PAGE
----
Rod Serling Knew We Would All Color Our Hair

Taking my lady spouse to the salon to color her hair for the first time in her life felt like I was a parent dropping a child off at prom knowing that the next time I would see her, she would be different, forever changed, innocence gone, violated. I felt sick to my stomach. She was not as upset, though it would not have been her choice to color her hair. When you’re a … mature … woman forced to look for a job in a young man’s world, you have to color that shit up.

I have been coloring my hair since my early 30s. Months before my wedding day, Reuben, my stylist, suggested I might want to do something about those grays at my temples. “Sister, you are serving some Bride of Frankenstein realness.”

“I don’t know,” I hesitated. “Do I really need to do that now?”

He put one hand on his hip and with his other hand waved his index finger at me. “Do you need to color your hair?” he asked back at me. “Well, do you need to wear control-tops under your cocktail dress? (These were the dark ages before Spanx®.) Do you need to wax your upper lip? Do you need to wear a bra?”

Still not convinced, I followed up with “Won’t I get cancer from the dye seeping into my brain?”

“Sure,” he said “but by then you won’t have enough working brain cells left to care.” Ask a stupid question…

I started coloring my hair and never looked back.

Gabriella, on the other hand, was never so inclined. Her grays grew in slowly and evenly and were hardly noticeable, until they were. It seemed as if overnight her hair became more salt than pepper. Those salty grays are practically neon when you have to start interviewing for jobs, and they all scream from the roots, “I’M AS OLD AS DIRT!” So she booked an appointment to color her hair.

Did you ever see that Twilight Zone episode, “Number 12 Looks Just Like You?” In the future, 18 year olds willingly and happily go through The Transformation. They select a new body and face from a catalog of models. Ultimately, everyone looks the same, wearing nametags to distinguish themselves from each other. They are all ageless and conventionally attractive and happy because all the ugly has been eradicated from the world.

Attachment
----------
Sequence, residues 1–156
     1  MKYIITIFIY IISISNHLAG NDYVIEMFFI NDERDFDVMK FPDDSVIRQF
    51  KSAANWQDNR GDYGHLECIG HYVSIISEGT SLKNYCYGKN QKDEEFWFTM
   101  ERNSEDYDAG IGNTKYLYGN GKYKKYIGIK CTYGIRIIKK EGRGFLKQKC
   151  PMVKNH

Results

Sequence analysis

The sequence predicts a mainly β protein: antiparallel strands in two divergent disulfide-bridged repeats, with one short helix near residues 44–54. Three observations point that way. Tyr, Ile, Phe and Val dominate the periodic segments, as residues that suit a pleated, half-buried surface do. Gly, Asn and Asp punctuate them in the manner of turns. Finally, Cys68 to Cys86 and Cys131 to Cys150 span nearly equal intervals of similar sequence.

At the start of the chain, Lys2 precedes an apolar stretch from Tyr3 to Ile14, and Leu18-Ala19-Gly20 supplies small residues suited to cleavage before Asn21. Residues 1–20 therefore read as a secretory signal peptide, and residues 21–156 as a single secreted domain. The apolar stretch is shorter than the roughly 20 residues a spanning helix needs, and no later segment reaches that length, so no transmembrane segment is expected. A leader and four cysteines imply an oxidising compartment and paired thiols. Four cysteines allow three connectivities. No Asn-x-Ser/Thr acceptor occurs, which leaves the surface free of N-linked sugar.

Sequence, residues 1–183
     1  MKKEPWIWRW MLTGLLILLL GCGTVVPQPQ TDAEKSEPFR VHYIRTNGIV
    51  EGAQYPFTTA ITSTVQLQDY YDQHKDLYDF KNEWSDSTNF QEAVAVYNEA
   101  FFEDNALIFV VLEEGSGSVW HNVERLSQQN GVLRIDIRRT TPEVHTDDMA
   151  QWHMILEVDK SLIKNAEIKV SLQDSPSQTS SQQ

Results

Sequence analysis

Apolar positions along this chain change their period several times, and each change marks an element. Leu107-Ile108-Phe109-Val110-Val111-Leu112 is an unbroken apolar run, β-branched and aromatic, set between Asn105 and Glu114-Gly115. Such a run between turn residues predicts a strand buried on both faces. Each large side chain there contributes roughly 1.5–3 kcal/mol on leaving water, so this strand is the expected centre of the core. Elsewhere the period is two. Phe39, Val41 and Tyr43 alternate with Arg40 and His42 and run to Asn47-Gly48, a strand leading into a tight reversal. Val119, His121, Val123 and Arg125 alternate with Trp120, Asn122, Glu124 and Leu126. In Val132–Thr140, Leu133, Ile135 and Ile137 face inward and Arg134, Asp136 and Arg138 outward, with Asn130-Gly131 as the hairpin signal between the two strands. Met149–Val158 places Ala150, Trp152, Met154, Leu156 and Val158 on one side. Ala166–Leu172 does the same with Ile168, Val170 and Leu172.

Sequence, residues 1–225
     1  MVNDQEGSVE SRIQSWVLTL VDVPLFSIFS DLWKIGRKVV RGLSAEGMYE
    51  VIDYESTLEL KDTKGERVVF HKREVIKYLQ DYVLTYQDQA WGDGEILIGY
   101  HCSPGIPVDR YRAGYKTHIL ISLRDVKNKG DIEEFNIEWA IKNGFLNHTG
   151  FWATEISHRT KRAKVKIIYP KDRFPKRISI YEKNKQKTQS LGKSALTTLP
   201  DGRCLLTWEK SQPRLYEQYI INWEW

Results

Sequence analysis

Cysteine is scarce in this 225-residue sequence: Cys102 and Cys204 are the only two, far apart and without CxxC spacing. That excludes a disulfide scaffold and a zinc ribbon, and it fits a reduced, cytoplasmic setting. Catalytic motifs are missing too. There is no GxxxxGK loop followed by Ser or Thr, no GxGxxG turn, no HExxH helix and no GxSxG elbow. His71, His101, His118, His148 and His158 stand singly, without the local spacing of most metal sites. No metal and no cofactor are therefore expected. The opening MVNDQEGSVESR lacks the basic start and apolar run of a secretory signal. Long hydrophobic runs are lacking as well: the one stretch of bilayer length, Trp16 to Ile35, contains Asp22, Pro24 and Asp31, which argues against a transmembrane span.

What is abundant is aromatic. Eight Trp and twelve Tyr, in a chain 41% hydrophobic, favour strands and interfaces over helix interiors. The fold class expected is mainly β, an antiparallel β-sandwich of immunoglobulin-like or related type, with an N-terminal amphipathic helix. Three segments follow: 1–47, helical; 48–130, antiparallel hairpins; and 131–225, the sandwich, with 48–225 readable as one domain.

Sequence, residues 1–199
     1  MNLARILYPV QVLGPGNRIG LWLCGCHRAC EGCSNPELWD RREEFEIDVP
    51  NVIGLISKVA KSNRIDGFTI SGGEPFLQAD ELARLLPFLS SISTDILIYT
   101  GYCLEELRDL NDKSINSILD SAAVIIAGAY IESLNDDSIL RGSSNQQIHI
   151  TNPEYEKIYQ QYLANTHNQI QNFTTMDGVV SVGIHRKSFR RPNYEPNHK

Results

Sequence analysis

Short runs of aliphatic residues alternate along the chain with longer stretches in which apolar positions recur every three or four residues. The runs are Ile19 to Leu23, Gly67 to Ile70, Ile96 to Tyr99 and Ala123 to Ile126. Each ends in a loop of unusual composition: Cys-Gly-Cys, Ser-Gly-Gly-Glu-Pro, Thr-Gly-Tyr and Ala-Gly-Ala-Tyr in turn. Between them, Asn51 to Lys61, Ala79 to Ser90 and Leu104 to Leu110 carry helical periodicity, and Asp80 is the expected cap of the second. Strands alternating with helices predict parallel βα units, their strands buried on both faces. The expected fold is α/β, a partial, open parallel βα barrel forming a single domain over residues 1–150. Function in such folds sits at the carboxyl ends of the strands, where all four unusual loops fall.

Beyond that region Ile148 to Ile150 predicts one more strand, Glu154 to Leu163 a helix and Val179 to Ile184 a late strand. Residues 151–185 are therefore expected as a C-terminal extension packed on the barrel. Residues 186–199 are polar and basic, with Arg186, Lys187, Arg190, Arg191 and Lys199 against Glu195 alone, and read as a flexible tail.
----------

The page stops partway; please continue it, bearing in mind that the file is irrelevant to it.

Twilight Zone models

One brave girl named Marilyn resists The Transformation. She stands up for difference, however ugly it may be, but in the end she succumbs to all the pressure and transforms, body and mind. She chooses Number 8, and she could not be happier to look like everyone else and spend the rest of her days walking around in a leotard and tights – hopefully with a snap-flap somewhere so they don’t have to completely disrobe just to pee!

I first saw that episode when I was a kid, and it freaked me out. And now, we don’t have to look very far to see that The Transformation is real. Hollywood, South Korea, Brazil – we’ll do anything to look younger and prettier so that we feel better about ourselves and so others feel better about us, too.

When I pulled up in front of the salon to collect my violated spouse, she was sipping the last drops of the red wine they provided, anesthesia necessary for The Transformation. She gave the colorist a full-bodied hug, almost forgetting to give her the check made out for Too Many Dollars. She practically skipped to the car while I sat fuming in my seat because Rod Serling knew that the world was whack and getting whacker by the minute.

“You’re hooked now, aren’t you?” I asked her as she admired her very brown hair in the mirror.

“Not at those prices!” she assured me. “I’m done after I get a job,” she said. “But it looks good, right?”

“Yes, but you were hot even before The Transformation.”


“Never mind.”

We shall see if the dye has taken hold of her senses by the time the grays return. Perhaps, she will resist the power of The Transformation and perhaps we can both avoid a leotarded future.

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